The U.S. Chamber of Commerce on Thursday unveiled recommendations that would alter or outright repeal provisions of the landmark Dodd-Frank financial reform law, signaling it believes the time has come to overhaul how the nation oversees financial markets.
The nation's largest business lobby is also pushing for further reforms in financial regulations it contends are essential for the health of business.
"Business needs a reliant, stable financial system," said David Hirschmann, president and CEO of the Chamber's Center on Capital Markets Competitiveness.
The recommendations mark a renewed push from the business lobby to continue tweaking Dodd-Frank, while taking further steps to modernize and streamline the nation's financial regulatory infrastructure.
But with the politics around Dodd-Frank still running quite hot in some areas, Chamber officials acknowledged that they face an uphill climb.
The Chamber's recommendations to Congress and regulators include ones that would heighten checks on new agencies created by Dodd-Frank, reduce the reach of new restrictions on derivatives, and overhaul the structure of the Securities and Exchange Commission (SEC).
The Chamber also called for the repeal of some of the more contentious pieces of the law, including the "Volcker Rule," a provision aimed at banning risky proprietary trading by banks. It has yet to be implemented as regulators grapple with defining such trades while exempting legitimate business activities.
Instead, the Chamber said Congress should scrap the rule, and simply adopt higher capital requirements for financial institutions that engage in the trading to provide a bigger cushion for losses. The rule has been delayed several times as regulators continue to process a torrent of comments and critiques on the issue.
"Ultimately, a lot of smart minds have spent a lot of time on it, and haven't come up with a way to preserve what is fundamental while addressing the concern," said Hirschmann.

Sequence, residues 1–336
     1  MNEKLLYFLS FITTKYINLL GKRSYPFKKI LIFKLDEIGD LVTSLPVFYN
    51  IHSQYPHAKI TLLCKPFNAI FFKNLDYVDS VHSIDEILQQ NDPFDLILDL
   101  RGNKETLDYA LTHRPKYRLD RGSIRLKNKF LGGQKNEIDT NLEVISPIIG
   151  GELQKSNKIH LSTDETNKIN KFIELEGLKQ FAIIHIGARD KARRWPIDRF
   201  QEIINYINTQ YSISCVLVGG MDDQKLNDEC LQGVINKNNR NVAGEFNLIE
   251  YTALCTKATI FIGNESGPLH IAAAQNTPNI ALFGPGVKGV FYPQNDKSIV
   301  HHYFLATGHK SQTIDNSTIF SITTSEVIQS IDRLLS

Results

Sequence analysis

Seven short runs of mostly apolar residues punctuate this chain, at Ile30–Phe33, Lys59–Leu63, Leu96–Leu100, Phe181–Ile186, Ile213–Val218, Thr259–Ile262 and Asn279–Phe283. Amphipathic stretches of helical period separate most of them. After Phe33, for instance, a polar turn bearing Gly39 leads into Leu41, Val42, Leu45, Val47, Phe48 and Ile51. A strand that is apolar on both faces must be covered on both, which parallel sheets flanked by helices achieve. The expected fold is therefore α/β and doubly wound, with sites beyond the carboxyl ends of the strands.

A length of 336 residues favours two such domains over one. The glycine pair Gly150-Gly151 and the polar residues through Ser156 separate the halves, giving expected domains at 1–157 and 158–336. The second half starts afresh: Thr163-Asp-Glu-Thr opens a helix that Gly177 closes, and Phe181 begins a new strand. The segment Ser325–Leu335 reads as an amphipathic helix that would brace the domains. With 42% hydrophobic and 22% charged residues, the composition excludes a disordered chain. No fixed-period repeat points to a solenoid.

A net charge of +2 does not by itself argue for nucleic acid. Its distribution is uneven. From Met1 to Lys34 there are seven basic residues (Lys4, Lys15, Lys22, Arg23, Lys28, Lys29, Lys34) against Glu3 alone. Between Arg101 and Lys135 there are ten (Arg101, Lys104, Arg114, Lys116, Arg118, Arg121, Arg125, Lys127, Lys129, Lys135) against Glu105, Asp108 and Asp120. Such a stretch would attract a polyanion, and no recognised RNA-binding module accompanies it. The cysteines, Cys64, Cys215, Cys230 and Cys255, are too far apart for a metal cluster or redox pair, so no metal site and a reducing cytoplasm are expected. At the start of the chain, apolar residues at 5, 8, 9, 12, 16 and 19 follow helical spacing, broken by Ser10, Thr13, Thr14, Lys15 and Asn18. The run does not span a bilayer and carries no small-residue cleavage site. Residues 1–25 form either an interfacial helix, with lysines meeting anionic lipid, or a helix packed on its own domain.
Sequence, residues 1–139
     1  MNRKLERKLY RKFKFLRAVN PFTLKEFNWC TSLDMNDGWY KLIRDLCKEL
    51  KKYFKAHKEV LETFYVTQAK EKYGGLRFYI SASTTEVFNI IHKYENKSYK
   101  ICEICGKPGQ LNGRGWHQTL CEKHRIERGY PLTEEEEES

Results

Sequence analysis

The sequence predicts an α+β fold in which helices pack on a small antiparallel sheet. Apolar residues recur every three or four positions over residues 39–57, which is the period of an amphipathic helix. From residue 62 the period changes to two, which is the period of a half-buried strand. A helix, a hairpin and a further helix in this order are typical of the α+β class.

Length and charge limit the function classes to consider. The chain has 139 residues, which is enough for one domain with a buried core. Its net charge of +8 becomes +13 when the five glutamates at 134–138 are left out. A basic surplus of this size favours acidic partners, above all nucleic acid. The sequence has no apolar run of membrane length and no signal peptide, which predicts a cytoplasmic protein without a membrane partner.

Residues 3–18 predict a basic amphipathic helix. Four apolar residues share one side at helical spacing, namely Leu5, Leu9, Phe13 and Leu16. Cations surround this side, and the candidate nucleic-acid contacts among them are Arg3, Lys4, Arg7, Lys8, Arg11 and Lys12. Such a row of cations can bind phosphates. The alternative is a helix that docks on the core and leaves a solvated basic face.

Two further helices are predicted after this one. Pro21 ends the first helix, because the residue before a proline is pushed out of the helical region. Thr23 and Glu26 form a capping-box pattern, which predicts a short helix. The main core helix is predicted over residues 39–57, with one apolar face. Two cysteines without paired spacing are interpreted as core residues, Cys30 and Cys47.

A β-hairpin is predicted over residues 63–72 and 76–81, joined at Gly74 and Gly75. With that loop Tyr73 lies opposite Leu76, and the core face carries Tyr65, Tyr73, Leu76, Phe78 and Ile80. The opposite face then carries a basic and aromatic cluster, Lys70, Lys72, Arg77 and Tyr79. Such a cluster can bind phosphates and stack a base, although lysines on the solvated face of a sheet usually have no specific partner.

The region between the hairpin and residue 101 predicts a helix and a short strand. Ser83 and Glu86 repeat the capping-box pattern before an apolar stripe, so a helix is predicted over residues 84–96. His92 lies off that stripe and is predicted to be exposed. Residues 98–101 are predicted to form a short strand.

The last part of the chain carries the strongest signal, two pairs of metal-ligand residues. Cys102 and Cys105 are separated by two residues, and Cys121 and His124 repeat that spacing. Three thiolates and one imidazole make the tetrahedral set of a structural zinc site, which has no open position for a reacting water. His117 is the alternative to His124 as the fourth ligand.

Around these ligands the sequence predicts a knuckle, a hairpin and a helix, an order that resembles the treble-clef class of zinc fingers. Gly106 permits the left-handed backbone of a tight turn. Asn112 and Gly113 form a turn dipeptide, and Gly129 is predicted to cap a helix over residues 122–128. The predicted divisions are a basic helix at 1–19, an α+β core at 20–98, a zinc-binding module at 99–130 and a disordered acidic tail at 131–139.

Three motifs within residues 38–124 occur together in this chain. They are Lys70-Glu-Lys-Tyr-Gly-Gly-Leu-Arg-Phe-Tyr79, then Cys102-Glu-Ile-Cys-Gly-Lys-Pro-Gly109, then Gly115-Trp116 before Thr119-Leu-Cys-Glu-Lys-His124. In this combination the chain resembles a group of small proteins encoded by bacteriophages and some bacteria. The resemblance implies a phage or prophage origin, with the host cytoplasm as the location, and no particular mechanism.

Nearly all efforts to alter Dodd-Frank have been stymied since its enactment, as Democrats feared a reopening of the law would invite efforts to disassemble it. But the Chamber believes the time may finally have come, two and a half years later, for Congress to revisit the law on specific points.
"We hear on a bipartisan basis some openness," said Hirschmann, before adding, "the politics are always tough."
Chamber officials also point to a series of bills that would rein in several new restrictions on derivatives as evidence that Congress is ready to consider financial regulatory changes again. The bills cleared the House Agriculture Committee with bipartisan support in March.
However, the business lobby is also pushing for changes on some of the most entrenched and contentious parts over the law. For example, the group backs a push by Republican lawmakers to alter the structure and funding of the Consumer Financial Protection Bureau (CFPB) that has been staunchly opposed by Democrats.
But Hirschmann maintained that behind closed doors, there may be more receptivity to changes than lawmakers are letting on publicly, for fear of being accused of "caving" on consumer protections.
The business lobby also pushed for increased transparency from the Financial Stability Oversight Council (FSOC), a new Dodd-Frank regulatory body, as well as the Office of Financial Research, another new office designed to gather data about the financial system. The Chamber also wants to see that office's budget brought under the control of congressional appropriators.
While the Chamber sought to strike a productive tone with regulators and Congress with its recommendations, Hirschmann indicated that the business lobby is still prepared to go to court if it feels the need.
The Chamber has previously joined legal challenges to other Dodd-Frank rule makings, such as one implementing a provision requiring companies to identify if their materials came from conflict-stricken regions of Africa (the group recommended repealing that rule).
But Hirschmann emphasized that while the Chamber is reserving court challenges as a tool, it depends on the end product from regulators.
"Yea, there probably will be more lawsuits, but it's not because we're sitting here plotting out a litigation strategy," he said. "We had not planned on litigating conflict minerals … but when we looked at what the SEC came up with … that ultimately makes it unworkable. And that's why we ended up in court."
As part of its recommendations, the Chamber also urged lawmakers to make progress on one of its biggest agenda items in the 113th Congress: housing finance reform.
With Fannie Mae and Freddie Mac playing a dominant role in the market today, the Chamber called on Congress and regulators to entice the private sector back into the market.
But while both parties acknowledge the need for housing reform, the complex issue is thought to be the subject of more talk and less action — at least in 2013.